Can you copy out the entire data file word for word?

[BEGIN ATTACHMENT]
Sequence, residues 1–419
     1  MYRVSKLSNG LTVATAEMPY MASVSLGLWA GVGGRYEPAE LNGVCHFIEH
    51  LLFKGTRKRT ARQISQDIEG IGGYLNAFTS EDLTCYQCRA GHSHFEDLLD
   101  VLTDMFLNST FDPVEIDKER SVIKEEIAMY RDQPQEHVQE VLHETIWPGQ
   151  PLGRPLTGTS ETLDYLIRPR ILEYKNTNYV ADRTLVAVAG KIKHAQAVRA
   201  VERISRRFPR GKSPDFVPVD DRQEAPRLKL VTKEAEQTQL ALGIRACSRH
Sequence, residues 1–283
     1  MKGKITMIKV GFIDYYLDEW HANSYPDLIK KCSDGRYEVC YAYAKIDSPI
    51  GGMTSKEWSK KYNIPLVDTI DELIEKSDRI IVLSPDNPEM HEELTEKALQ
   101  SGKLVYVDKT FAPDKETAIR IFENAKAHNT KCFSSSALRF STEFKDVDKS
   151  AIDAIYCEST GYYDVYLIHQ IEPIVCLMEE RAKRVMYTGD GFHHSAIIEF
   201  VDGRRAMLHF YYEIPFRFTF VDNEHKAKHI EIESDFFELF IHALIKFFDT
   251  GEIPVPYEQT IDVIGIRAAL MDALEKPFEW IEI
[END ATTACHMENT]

Sequence, residues 1–419
     1  MYRVSKLSNG LTVATAEMPY MASVSLGLWA GVGGRYEPAE LNGVCHFIEH
    51  LLFKGTRKRT ARQISQDIEG IGGYLNAFTS EDLTCYQCRA GHSHFEDLLD
   101  VLTDMFLNST FDPVEIDKER SVIKEEIAMY RDQPQEHVQE VLHETIWPGQ
   151  PLGRPLTGTS ETLDYLIRPR ILEYKNTNYV ADRTLVAVAG KIKHAQAVRA
   201  VERISRRFPR GKSPDFVPVD DRQEAPRLKL VTKEAEQTQL ALGIRACSRH
Sequence, residues 1–283
     1  MKGKITMIKV GFIDYYLDEW HANSYPDLIK KCSDGRYEVC YAYAKIDSPI
    51  GGMTSKEWSK KYNIPLVDTI DELIEKSDRI IVLSPDNPEM HEELTEKALQ
   101  SGKLVYVDKT FAPDKETAIR IFENAKAHNT KCFSSSALRF STEFKDVDKS
   151  AIDAIYCEST GYYDVYLIHQ IEPIVCLMEE RAKRVMYTGD GFHHSAIIEF
   201  VDGRRAMLHF YYEIPFRFTF VDNEHKAKHI EIESDFFELF IHALIKFFDT
   251  GEIPVPYEQT IDVIGIRAAL MDALEKPFEW IEI